Integrity of Literature on Expressed Emotion and Relapse in Patients with Schizophrenia Verified by a p-Curve Analysis

Marc J. Weintraub, Daniel L. Hall, Julia Y. Carbonella, Amy G Weisman, Jill M. Hooley

Research output: Contribution to journalArticle

21 Scopus citations

Abstract

There is growing concern that much published research may have questionable validity due to phenomena such as publication bias and p-hacking. Within the psychiatric literature, the construct of expressed emotion (EE) is widely assumed to be a reliable predictor of relapse across a range of mental illnesses. EE is an index of the family climate, measuring how critical, hostile, and overinvolved a family member is toward a mentally ill patient. No study to date has examined the evidential value of this body of research as a whole. That is to say, although many studies have shown a link between EE and symptom relapse, the integrity of the literature from which this claim is derived has not been tested. In an effort to confirm the integrity of the literature of EE predicting psychiatric relapse in patients with schizophrenia, we conducted a p-curve analysis on all known studies examining EE (using the Camberwell Family Interview) to predict psychiatric relapse over a 9- to 12-month follow-up period. Results suggest that the body of literature on EE is unbiased and has integrity, as there was a significant right skew of p-values, a nonsignificant left skew of p-values, and a nonsignificant test of flatness. We conclude that EE is a robust and valuable predictor of symptom relapse in schizophrenia.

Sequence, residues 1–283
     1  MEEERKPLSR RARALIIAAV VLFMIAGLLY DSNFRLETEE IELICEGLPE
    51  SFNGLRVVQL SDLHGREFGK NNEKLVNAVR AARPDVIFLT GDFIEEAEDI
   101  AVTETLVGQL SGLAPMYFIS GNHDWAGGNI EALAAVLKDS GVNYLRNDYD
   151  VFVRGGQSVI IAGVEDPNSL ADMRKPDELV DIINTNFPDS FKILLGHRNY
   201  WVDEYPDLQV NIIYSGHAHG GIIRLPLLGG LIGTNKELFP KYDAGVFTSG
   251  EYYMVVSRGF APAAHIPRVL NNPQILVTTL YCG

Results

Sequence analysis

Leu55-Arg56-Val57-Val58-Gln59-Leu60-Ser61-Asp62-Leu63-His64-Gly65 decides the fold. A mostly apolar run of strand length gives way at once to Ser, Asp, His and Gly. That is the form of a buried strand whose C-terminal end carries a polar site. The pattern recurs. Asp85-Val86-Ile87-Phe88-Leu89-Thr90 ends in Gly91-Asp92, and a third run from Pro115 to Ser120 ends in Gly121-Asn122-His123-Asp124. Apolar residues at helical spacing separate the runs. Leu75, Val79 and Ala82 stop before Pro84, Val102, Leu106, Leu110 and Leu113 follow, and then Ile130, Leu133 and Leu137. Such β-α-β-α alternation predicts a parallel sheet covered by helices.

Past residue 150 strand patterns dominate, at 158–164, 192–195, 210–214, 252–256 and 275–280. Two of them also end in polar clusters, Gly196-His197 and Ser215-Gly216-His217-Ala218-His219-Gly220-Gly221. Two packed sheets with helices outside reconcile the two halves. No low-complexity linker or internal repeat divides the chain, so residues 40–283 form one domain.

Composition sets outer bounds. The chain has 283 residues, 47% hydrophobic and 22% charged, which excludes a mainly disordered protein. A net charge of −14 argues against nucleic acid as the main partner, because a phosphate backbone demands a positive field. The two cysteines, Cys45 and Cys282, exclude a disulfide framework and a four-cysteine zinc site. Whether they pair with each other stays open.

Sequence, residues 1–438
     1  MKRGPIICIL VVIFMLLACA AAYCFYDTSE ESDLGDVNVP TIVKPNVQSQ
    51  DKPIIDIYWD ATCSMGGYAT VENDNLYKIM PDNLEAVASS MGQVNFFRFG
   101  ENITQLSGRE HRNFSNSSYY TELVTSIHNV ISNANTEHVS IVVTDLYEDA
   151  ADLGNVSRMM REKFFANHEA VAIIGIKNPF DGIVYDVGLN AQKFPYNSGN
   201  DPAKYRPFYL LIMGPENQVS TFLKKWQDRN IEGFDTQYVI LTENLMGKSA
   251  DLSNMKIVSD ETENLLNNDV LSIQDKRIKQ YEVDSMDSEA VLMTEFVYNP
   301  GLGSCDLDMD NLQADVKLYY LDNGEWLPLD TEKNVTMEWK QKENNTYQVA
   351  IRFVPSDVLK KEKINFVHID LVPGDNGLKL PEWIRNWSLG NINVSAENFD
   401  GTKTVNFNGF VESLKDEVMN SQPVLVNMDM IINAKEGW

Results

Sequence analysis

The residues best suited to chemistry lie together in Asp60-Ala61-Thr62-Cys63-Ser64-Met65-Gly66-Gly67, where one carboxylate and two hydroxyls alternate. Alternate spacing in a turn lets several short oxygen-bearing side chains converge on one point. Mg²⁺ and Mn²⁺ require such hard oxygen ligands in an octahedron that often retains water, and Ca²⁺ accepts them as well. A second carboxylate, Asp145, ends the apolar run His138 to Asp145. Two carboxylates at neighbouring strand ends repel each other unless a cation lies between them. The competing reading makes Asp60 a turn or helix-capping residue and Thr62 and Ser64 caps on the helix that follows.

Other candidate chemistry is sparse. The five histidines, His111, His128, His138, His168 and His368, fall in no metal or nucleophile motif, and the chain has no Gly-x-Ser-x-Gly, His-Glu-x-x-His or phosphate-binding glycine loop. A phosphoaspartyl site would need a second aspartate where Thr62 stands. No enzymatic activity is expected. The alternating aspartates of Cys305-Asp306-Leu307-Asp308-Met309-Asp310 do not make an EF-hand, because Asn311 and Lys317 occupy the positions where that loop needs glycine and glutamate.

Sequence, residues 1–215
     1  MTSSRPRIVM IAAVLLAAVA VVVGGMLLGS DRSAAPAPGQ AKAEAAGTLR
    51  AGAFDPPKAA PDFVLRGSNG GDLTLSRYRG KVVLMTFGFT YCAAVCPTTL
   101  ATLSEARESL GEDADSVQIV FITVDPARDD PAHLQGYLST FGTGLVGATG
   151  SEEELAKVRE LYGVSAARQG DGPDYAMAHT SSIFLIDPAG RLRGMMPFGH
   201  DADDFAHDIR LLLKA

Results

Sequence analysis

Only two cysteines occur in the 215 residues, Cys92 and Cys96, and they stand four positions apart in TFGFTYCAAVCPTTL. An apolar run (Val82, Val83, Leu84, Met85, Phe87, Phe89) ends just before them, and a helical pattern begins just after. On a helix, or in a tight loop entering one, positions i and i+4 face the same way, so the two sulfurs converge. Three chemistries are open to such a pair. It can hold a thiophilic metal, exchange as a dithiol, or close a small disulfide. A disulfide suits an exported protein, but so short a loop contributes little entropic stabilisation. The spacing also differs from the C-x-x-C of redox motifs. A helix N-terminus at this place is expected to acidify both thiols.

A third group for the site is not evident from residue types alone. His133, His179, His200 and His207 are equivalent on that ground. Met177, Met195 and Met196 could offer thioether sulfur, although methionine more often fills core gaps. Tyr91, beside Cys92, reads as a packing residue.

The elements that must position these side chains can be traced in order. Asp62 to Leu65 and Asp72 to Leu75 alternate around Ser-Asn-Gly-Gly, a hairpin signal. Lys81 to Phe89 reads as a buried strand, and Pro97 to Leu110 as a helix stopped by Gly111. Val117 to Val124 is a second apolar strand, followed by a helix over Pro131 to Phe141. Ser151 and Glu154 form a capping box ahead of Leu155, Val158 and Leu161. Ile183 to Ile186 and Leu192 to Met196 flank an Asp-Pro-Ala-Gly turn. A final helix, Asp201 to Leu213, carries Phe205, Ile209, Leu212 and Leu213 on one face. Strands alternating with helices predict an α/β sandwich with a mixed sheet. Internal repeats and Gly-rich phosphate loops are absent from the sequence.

Original languageEnglish (US)
JournalFamily Process
DOIs
StateAccepted/In press - 2016

Keywords

  • Expressed Emotion
  • p-Curve Analysis
  • Psychiatric Relapse
  • Schizophrenia

ASJC Scopus subject areas

  • Social Sciences (miscellaneous)
  • Social Psychology
  • Clinical Psychology

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